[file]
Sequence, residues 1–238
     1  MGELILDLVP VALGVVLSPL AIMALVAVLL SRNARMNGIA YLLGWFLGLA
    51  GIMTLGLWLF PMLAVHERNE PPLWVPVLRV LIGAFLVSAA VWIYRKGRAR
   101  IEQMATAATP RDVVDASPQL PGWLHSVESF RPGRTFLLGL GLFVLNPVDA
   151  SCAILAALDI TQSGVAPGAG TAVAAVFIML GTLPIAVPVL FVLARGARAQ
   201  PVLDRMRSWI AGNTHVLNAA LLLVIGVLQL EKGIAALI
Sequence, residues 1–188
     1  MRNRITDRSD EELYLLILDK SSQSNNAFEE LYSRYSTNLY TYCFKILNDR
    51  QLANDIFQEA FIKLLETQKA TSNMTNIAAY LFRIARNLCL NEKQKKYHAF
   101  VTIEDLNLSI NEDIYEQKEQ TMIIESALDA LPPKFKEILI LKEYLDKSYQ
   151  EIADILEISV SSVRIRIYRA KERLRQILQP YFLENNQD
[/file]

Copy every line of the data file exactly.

Sequence, residues 1–238
     1  MGELILDLVP VALGVVLSPL AIMALVAVLL SRNARMNGIA YLLGWFLGLA
    51  GIMTLGLWLF PMLAVHERNE PPLWVPVLRV LIGAFLVSAA VWIYRKGRAR
   101  IEQMATAATP RDVVDASPQL PGWLHSVESF RPGRTFLLGL GLFVLNPVDA
   151  SCAILAALDI TQSGVAPGAG TAVAAVFIML GTLPIAVPVL FVLARGARAQ
   201  PVLDRMRSWI AGNTHVLNAA LLLVIGVLQL EKGIAALI
Sequence, residues 1–188
     1  MRNRITDRSD EELYLLILDK SSQSNNAFEE LYSRYSTNLY TYCFKILNDR
    51  QLANDIFQEA FIKLLETQKA TSNMTNIAAY LFRIARNLCL NEKQKKYHAF
   101  VTIEDLNLSI NEDIYEQKEQ TMIIESALDA LPPKFKEILI LKEYLDKSYQ
   151  EIADILEISV SSVRIRIYRA KERLRQILQP YFLENNQD